Michigan has been struggling to get a handle on the illegal cannabis market and their latest action has seen them instruct medical marijuana provisioning centers to stop accepting cannabis grown by caregivers and instead only accept supplies from growers licensed by the state.
LARA (Licensing and Regulatory Affairs) also says that caregiver growers can start selling cannabis to the licensed growers and processors, but the caregiver growers will have to meet the cost of testing their cannabis before the licensed processors and growers can accept it.
Rejecting the cannabis grown by caregivers is just another twist in the regulatory chaos as the state struggles to move from a largely informal industry to a regulated one. Their efforts in this direction have been met by legal challenges initiated by the unlicensed cannabis businesses which the regulators wanted to close.
Judge Stephen Borrello of the Court of Claims has variously described what the regulators are doing as “freakish or whimsical.” The Judge has so far made several rulings against LARA, the most recent being one in which unlicensed dispensaries can continue operating for 60 days after LARA has rejected their application for a license.
During that court session, the judge gave the regulators the liberty to decide whether caregiver growers could continue supplying medical cannabis to dispensaries. The regulators promptly acted on that and issued their guidelines barring caregiver growers from taking their cannabis to dispensaries.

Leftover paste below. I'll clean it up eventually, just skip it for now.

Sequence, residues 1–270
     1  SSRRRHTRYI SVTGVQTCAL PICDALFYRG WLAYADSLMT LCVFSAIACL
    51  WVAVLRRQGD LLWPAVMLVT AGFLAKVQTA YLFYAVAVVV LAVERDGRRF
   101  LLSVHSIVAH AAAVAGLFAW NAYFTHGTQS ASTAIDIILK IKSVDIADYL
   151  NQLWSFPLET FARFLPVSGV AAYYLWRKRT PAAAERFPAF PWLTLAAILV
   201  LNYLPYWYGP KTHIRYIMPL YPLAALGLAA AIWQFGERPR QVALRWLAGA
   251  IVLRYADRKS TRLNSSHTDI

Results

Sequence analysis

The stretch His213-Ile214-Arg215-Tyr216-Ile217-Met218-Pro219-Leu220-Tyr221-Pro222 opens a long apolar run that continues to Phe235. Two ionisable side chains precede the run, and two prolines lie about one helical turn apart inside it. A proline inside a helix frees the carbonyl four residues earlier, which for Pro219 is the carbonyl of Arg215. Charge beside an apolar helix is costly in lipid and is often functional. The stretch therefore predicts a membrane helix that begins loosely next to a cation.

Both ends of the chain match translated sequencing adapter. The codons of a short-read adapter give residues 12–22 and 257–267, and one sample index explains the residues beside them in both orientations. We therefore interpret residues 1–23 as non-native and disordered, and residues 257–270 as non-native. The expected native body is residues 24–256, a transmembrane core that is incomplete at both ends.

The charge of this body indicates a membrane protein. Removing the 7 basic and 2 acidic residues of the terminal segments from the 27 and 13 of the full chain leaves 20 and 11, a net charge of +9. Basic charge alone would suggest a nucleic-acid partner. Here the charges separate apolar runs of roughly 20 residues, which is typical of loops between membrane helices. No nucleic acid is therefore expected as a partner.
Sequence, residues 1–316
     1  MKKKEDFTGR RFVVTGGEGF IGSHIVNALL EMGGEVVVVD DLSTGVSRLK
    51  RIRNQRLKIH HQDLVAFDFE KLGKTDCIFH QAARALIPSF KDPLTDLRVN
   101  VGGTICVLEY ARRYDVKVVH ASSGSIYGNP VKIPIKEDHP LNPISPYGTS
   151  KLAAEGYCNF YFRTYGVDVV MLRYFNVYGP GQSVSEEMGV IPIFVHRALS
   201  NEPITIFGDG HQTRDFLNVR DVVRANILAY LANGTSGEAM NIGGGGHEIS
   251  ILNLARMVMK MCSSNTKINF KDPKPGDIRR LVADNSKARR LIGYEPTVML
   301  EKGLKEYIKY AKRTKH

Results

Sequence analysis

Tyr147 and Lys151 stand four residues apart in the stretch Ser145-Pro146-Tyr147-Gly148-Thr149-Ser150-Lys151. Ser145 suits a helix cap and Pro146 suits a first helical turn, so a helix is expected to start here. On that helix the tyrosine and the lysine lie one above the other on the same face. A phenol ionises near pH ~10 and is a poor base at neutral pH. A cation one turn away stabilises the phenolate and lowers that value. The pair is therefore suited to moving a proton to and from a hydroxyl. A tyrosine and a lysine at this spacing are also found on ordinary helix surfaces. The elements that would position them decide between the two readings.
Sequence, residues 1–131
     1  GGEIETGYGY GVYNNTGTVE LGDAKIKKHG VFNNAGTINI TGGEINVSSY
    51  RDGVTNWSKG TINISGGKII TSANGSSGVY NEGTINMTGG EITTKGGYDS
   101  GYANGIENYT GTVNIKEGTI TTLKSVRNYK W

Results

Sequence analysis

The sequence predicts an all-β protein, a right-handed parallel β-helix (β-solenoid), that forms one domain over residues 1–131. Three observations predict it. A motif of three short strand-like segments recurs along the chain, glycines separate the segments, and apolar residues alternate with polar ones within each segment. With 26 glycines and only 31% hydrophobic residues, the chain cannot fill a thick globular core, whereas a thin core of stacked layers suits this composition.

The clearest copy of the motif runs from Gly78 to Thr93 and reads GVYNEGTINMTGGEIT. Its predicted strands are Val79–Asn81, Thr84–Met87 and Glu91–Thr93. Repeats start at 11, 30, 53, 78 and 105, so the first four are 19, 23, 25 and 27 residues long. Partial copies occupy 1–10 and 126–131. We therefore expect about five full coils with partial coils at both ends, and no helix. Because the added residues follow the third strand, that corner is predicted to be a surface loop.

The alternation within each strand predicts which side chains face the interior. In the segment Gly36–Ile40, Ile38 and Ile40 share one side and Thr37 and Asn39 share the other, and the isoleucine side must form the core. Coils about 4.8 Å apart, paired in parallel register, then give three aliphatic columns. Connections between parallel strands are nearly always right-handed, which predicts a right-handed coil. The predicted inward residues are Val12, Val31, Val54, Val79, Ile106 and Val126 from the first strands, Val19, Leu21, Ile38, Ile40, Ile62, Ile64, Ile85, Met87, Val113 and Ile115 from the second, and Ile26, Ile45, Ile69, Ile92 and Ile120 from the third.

This action by LARA has stirred what is an already sour relationship between the “corporate cultivators” and the caregiver cannabis growers. The caregiver growers see the large corporate cultivators as being only interested in making profit at the expense of patients while the big growers see caregiver growers as people who supply cannabis of questionable quality to undercut their profits.
Those accusations have some basis, because some of the cannabis from caregiver growers has tested positive for mold, E-coli, Salmonella and other contaminants. Nonetheless, consumers prefer the cannabis from caregiver growers because it is more affordable and is in tune with the needs of patients.
Critics of the action taken by LARA now say that the caregiver growers are simply going to start supplying the unlicensed sellers, to the detriment of the legal cannabis industry since these products will not have to undergo the costly testing processes required in the regulated market.
Canopy Rivers Inc. (TSX.V: RIV) (OTC: CNPOF) and Cannabis Strategic Ventures, Inc. (OTC: NUGS) hope that the regulators take well-considered decisions so that the medical cannabis industry in Michigan can finally stabilize.
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